Borrowing 135% of your home's value

Nation's Housing

October 19, 1997|By Kenneth R. Harney

WHEN JOSEPH Yu and his wife Nadia took out a new loan on their townhouse earlier this year, they had no idea they were tapping into the hottest new trend in the American home mortgage market.

"All we wanted to do was get out from under our monthly credit card debts," Yu said. "They were eating us alive." Yu, a 29-year-old businessman from Germantown, said he and his wife had accumulated $30,000 in credit card, auto loan and other debts over the past several years. Minimum monthly payments totaled about $2,200. That was on top of a $900 monthly payment for mortgage principal, interest, property taxes and condo fees on the house.

The solution for the Yu family: To mortgage their townhouse for more than its market value, and use the bulk of the proceeds to pay off all their consumer debts. After closing on their new loan, according to Yu, their total monthly payments dropped from $3,100 to $1,424 -- a 54 percent decrease. The $2,200 credit card outlay was replaced by a $524 monthly second mortgage payment.

Joseph Yu's new mortgage financing package is part of the rapidly growing move to what's called "high-LTV" lending. LTV stands for loan-to-value ratio. If you own a $100,000 house with an existing $90,000 first mortgage and you take out a second mortgage for $35,000, you've got an LTV of 125 percent. Joseph Yu's $115,000 townhouse now has a mortgage LTV of 114 percent: An existing $91,000 first deed of trust and a new $40,000 second deed of trust funded by American Lending Group, Inc., a Gaithersburg mortgage banking company that specializes in high-LTV financing.

Nationwide, according to Wall Street mortgage analysts, more than $10 billion worth of 100 percent or higher LTV loans will be financed in 1997 -- up from just $3 billion in 1996 and virtually nothing in 1995. Volume in 1998 is projected to top $20 billion. The LTVs generally range from 100 percent to 135 percent.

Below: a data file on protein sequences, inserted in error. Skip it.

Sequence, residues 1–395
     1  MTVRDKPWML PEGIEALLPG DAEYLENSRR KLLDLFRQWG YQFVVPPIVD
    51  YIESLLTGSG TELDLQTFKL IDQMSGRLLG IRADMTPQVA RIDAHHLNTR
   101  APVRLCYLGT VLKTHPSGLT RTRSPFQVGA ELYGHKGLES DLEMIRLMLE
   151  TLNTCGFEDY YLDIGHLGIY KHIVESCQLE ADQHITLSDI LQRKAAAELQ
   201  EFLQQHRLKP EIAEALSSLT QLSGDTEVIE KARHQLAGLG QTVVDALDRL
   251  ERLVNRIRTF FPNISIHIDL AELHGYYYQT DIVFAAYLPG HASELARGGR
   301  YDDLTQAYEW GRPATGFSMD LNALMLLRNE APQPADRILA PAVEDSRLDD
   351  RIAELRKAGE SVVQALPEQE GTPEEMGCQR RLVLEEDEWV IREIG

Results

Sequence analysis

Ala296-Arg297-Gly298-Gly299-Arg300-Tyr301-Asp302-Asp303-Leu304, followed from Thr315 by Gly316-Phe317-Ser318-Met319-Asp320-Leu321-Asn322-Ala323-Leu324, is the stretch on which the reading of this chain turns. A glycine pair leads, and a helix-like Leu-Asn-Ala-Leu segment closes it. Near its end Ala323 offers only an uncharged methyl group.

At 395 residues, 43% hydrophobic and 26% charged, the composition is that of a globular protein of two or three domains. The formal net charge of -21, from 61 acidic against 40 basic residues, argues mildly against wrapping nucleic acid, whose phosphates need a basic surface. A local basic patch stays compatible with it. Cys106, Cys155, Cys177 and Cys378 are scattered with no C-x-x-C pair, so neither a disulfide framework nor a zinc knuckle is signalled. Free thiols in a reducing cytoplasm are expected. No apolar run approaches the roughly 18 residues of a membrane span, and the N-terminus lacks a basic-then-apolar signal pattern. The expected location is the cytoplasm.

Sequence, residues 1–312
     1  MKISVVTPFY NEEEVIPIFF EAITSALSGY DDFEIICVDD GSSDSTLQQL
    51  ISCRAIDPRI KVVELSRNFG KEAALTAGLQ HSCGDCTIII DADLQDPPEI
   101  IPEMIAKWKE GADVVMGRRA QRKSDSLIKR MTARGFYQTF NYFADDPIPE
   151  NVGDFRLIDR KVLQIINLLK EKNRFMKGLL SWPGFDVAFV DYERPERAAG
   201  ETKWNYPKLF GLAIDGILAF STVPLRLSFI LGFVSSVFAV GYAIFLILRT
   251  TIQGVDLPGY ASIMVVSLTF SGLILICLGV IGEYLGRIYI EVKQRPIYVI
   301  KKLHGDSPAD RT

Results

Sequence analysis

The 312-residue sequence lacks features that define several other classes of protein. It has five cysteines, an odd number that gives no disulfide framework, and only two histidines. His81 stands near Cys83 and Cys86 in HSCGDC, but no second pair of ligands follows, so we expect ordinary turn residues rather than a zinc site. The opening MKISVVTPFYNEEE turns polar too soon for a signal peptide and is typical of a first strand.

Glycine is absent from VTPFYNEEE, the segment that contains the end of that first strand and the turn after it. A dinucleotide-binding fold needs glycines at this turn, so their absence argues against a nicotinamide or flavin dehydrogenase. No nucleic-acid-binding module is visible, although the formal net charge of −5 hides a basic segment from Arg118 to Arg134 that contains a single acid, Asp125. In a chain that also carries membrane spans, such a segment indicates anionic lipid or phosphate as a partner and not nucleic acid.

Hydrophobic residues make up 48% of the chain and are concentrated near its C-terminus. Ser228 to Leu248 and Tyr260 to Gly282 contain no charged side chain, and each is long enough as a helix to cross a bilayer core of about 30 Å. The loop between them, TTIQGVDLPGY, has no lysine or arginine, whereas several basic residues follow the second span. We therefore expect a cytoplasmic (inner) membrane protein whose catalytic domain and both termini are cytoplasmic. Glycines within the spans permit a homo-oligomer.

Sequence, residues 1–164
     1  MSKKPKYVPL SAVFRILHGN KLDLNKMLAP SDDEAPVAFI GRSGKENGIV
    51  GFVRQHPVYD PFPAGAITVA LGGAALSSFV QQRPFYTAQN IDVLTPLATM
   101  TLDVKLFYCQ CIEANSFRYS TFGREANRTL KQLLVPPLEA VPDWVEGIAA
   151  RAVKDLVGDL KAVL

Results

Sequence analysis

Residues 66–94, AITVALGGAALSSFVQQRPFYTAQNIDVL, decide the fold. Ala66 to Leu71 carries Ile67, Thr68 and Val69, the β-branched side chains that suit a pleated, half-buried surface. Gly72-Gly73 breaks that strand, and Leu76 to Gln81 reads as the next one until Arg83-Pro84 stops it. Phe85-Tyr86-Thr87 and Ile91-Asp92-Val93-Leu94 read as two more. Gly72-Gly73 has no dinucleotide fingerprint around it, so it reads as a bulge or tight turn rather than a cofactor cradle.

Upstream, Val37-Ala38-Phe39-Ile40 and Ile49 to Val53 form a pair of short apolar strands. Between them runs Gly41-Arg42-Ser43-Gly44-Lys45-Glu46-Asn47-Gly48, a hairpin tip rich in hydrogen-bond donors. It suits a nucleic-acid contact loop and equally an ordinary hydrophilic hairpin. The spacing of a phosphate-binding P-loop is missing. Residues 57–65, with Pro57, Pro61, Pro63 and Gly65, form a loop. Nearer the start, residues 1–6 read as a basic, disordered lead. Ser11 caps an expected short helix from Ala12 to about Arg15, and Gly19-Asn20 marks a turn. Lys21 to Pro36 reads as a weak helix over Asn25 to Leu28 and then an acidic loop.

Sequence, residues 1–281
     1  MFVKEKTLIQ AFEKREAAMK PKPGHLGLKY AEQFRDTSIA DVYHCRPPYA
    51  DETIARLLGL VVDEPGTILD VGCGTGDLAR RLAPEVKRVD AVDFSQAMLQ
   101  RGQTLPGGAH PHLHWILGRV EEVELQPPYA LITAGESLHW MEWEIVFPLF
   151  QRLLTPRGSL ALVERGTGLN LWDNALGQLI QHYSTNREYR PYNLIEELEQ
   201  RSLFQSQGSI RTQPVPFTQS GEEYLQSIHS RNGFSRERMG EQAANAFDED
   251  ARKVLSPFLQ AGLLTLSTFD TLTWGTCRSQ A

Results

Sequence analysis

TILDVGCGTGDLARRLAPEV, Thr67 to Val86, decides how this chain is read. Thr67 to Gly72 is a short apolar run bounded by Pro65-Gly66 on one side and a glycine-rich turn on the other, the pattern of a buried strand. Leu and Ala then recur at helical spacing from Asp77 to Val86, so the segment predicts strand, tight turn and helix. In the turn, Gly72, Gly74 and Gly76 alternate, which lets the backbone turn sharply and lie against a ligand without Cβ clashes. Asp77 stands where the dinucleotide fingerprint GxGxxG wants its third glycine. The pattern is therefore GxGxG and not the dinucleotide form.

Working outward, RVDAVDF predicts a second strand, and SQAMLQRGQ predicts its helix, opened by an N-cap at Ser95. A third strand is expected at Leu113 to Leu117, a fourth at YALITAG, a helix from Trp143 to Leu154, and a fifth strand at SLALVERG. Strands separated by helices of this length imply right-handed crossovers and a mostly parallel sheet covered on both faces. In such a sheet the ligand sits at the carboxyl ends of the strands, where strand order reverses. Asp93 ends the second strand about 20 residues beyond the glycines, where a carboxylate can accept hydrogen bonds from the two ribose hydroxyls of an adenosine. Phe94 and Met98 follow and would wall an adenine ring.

"It's a type of financing that sounds bizarre when you first hear the term," says Gordon Monsen, a managing director at PaineWebber Inc., the Wall Street securities firm. "It goes against the very core principle of traditional mortgage underwriting, which is that the borrower should have at least some equity in the property. "

But Monsen says home loan-to-value ratios of 100 to 135 percent "are prudent for lenders and investors" -- provided the borrowers have good to excellent credit profiles. Monsen's firm, along with other Wall Street giants, pools high-LTV loans from across the country into mortgage bonds and sells them to institutional investors.

But whereas Fannie Mae and Freddie Mac insist on credit scores of 620 or higher, typical high-LTV borrowers have scores of 650 to 700 or higher, measured by the popular "FICO" electronic credit-scoring system developed by Fair, Isaac & Co. and used by lenders nationwide.

Like Joseph and Nadia Yu, most high-LTV borrowers have good incomes, solid jobs and good debt repayment histories. They also have a weakness for credit cards.

Though a second mortgage industry exists to help debt-burdened consumers with "consolidation" loans, until recently most lenders wouldn't even consider extending credit where the combined debt loan of the existing first mortgage and a new second exceeded 90 percent or 95 percent of home value.

Is high-LTV borrowing for you? An LTV loan isn't for you if you've run up big credit card balances and have been seriously late on repayments.

High-LTV second mortgages aren't cheap, either. Typical rates run from about 13 percent -- for the best credit -- to 16 percent. But they're almost always lower than the 18 percent to 22 percent charged by credit card issuers.

Don't plan on moving real soon if you take out a high-LTV mortgage. If you have combined first and second liens of, say, $200,000 on your $175,000 house, you're going to need to bring money to settlement -- not collect it -- when you sell. To help on that score, a few lenders are now offering "portable" seconds that you can transfer to a new home, rather than pay off.

You can't write off home mortgage interest on debt that's above the market value of your home. Many high-LTV borrowers appear to be winking at that rule, exposing themselves to an IRS audit and possible penalties.

Pub Date: 10/19/97

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